The Park Service has announced the following Public Meeting Schedule, to take place during September and October 2010. Meetings marked with *** will have a Spanish translator available. You are invited to join and share your ideas:

Tuesday, September 14, 2010, 7-9 p.m.
Mason Recreation Center
10500 Mason Ave.
Chatsworth, CA  91311

Wednesday, September 15, 2010 ***
2-4 p.m. and 6:30-8:30 p.m.
Los Angeles River Center and Gardens
570 W. Avenue 26
Los Angeles, CA  90065

Tuesday, September 21, 2010, 7-9 p.m.
George A. Caravalho Santa Clarita Sports Complex-Activities Center Building
20880 Centre Pointe Parkway
Santa Clarita, CA  91350

Wednesday, September 22, 2010, 7-9 p.m.
Conejo Recreation and Parks District
Community Room
403 W. Hillcrest Dr.
Thousand Oaks, CA  91360

Monday, October 4, 2010, 7-9 p.m.
King Gillette Ranch
26800 West Mulholland Highway
Calabasas, CA  91302

Tuesday, October 5, 2010, 7-9 p.m. ***
Northeast Valley City Hall
7747 Foothill Blvd.
Tujunga, CA  91042

Wednesday, October 6, 2010, 7-9 p.m.
Charles S. Farnsworth Park
Davies Building
568 East Mount Curve Ave.
Altadena, CA  91001

The Park Service website for the project is here. It contains more information and you can sign up to be on their mailing list. Or you may contact the Park Service as follows:

U.S. Mail:

National Park Service
Rim of the Valley Corridor Study
570 W. Avenue 26, #175
Los Angeles, CA  90065


Phone:   Anne Dove, Project Manager, 323-441-9307
Margie Steigerwald, Outdoor Recreation Planner, 805-370-2373

5.   Pinnacles National Park Bill Introduced in the Senate

On August 5. Sen. Barbara Boxer (D) introduced a bill in the Senate that would make Pinnacles National Monument a National Park. The bill is a companion to that introduced last year by Rep. Sam Farr (D-17), in whose district Pinnacles lies.

The Monument was established in 1908 by Pres. Theodore Roosevelt and has been enlarged over the years. Much of the Monument is designated wilderness and it has also been part of the California Condor Restoration Program.

The bill numbers are: H.R.3444 and S.3744. Rep. Farr’s bill has had a committee hearing, and Sen. Boxer’s has been referred to the Senate Committee on Energy and Natural Resources, which has not held a hearing yet.

6.   California Wilderness Coalition Fundraiser
          November 12
          (SAVE THE DATE)

We work closely with CWC and are always happy to announce the annual event. Here’s the information:

Please join the California Wilderness Coalition for our annual fundraiser at the David Brower Center. We will celebrate and honor the donors, volunteers, and activists who are crucial to keeping California wild. In addition to the usual fun and festivities, this year’s event features live and silent auctions of art, travel getaways, and outdoor gear.

Hosted by the California Wilderness Coalition at the David Brower Center,

2150 Allston Way, Berkeley CA
November 12, 2010
The event begins at 6:00 pm.

For more information please check out or call (510) 451-1450.

7.   America’s Great Outdoors Initiative
          DEADLINE Approaching
          (ACTION ITEM)

We’ve been reporting the last few months on the Administration’s America’s Great Outdoors Initiative. Listening sessions are continuing throughout the Summer, though no more are planned for California. That doesn’t mean it’s too late to share your thoughts via the Initiative website.

The Initiative staff has said it will present its report to the President on November 15, and it’s rumored that there’s a September 30 deadline for comments. So if you haven’t already, please go to the website, register (it’s simple and free), and submit your comments and suggestions in the four categories there. Also, please review previously submitted comments and FOR those you approve of and AGAINST those you don’t.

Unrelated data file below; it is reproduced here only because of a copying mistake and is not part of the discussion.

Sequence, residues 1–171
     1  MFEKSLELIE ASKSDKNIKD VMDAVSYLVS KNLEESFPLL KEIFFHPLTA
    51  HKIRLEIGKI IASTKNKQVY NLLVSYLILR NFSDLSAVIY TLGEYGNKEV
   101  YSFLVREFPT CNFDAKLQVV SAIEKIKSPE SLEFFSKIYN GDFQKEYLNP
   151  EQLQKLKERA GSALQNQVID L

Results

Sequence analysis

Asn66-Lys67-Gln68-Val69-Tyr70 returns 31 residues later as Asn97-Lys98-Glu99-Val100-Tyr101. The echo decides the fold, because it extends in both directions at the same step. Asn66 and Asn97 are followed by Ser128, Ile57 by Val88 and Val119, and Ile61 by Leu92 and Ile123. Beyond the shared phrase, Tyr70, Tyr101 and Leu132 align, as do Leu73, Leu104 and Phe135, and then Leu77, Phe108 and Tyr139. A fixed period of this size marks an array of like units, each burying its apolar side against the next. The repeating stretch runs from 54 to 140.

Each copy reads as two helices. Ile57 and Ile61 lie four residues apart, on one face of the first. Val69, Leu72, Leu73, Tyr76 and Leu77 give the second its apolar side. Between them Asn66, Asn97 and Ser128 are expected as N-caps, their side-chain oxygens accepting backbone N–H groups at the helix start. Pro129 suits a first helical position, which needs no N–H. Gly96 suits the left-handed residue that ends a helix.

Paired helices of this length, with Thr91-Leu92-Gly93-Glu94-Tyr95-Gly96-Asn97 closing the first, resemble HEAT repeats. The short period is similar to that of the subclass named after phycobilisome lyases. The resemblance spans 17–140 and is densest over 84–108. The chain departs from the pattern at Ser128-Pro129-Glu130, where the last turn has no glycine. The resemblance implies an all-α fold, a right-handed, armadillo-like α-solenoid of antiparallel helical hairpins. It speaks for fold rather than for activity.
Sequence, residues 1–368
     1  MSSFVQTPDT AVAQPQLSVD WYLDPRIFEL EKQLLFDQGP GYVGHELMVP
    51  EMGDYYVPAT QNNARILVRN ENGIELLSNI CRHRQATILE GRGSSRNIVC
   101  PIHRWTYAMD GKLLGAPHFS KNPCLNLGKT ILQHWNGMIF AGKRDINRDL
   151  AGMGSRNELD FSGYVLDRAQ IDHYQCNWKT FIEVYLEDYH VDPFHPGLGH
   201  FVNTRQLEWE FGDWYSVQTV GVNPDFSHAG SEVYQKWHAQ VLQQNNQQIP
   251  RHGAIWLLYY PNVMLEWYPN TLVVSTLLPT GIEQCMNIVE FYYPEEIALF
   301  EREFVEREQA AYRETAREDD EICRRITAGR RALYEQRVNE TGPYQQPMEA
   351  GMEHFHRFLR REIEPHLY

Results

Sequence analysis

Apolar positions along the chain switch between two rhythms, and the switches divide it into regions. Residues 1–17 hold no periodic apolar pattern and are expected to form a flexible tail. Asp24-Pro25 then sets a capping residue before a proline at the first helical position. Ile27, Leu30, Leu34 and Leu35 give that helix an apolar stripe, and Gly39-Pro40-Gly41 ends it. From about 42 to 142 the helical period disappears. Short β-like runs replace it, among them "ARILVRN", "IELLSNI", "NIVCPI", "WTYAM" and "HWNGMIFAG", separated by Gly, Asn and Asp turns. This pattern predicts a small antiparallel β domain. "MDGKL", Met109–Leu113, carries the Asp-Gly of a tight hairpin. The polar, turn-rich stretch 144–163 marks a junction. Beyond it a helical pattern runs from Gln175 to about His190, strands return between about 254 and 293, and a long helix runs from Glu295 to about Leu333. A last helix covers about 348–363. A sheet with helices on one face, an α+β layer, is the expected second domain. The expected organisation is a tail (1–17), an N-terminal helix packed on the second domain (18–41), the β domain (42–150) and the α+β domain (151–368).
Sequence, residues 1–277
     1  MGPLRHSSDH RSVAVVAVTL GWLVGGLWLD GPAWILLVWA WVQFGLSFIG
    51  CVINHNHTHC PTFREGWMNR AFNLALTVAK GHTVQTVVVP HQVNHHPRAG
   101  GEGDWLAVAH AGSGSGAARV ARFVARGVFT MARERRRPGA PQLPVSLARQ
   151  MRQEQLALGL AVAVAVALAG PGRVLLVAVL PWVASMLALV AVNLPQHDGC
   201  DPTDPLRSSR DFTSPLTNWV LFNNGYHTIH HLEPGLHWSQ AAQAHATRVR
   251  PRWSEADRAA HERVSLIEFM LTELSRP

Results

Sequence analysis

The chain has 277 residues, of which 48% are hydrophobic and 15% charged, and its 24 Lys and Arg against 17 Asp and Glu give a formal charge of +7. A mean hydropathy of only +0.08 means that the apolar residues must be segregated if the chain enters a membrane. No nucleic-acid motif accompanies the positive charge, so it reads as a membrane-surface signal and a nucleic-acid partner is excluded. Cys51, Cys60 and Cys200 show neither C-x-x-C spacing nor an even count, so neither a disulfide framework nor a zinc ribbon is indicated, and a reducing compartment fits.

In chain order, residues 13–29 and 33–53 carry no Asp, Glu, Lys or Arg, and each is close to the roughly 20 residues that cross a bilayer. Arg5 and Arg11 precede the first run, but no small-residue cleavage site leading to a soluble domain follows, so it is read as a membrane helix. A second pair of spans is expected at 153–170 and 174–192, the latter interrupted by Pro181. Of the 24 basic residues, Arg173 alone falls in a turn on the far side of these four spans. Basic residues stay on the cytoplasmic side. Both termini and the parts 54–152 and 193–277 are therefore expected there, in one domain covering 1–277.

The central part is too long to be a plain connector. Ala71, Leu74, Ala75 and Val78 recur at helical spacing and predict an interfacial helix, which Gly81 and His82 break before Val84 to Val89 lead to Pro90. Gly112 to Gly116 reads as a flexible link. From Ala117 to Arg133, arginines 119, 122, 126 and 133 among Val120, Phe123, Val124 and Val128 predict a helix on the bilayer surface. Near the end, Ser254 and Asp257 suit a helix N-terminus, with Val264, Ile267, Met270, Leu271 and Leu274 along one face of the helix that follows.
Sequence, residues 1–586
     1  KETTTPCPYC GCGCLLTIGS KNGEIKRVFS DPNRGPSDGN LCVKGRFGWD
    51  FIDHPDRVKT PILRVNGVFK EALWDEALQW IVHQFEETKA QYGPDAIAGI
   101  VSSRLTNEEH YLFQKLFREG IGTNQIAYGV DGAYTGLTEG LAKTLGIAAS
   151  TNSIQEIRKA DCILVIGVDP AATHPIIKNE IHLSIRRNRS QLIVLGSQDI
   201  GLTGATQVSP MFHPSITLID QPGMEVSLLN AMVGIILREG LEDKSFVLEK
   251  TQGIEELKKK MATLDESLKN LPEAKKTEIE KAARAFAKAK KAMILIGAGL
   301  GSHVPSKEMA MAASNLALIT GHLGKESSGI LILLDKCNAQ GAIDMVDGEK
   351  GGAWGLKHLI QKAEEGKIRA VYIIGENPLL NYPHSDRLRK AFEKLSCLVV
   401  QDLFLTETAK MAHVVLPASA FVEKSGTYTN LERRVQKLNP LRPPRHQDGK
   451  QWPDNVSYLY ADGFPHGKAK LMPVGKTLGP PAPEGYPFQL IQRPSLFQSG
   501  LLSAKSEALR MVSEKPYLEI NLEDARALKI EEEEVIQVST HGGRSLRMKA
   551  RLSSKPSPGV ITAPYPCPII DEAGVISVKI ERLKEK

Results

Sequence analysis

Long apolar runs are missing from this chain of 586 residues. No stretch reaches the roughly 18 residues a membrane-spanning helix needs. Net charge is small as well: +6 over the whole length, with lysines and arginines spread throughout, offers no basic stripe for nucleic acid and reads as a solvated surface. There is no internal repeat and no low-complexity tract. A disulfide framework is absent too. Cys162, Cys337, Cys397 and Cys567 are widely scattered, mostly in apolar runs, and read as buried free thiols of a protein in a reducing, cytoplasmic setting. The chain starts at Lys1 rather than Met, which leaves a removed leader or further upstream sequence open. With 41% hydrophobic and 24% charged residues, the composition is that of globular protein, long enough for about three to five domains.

8.   September is National Wilderness Month
          By Presidential Proclamation

President Obama today signed a proclamation designating September as National Wilderness Month. (The anniversary of Pres. Johnson’s signing of the Wilderness Act of 1964 is September 3.) The proclamation reads in part:

For centuries, the American spirit of exploration and discovery has led us to experience the majesty of our Nation’s wilderness. … We must continue to preserve and protect these scenic places and the life that inhabits them so they may be rediscovered and appreciated by generations to come. [¶] … It was over 100 years ago that President Theodore Roosevelt marveled at the stark grandeur of the Grand Canyon and declared, “the ages have been at work on it, and man can only mar it.” [¶] …

This month, we renew our pledge to build upon the legacy of our forebears.  Together, we must ensure that future generations can experience the tranquility and grandeur of America’s natural places.  As we resolve to meet this responsibility, let us also reflect on the ways in which our lives have been enriched by the gift of the American wilderness.

NOW, THEREFORE, I, BARACK OBAMA, President of the United States of America, by virtue of the authority vested in me by the Constitution and the laws of the United States, do hereby proclaim September 2010 as National Wilderness Month.  I invite all Americans to visit and enjoy our wilderness areas, to learn about their vast history, and to aid in the protection of our precious national treasures.
Read the entire proclamation here.

9.   Links to Online Articles of Interest

If you have time for extra reading, there have been a few articles on relevant topics in the past month that you might find interesting. (WARNING: Not all reflect CalUWild’s viewpoint.)  ALSO, some links may expire after a while. If you can’t access something, please send me an email, and I’ll provide you with the text.)

Wilderness and the Brain, New York Times

Aw, Wilderness!
, New York Times (op-ed piece in favor of mountain bikes in wilderness areas)


National Parks Traveler

the adventure life

National monuments? Maybe they will be
, Los Angeles Times

Confessions of a Recovering Environmentalist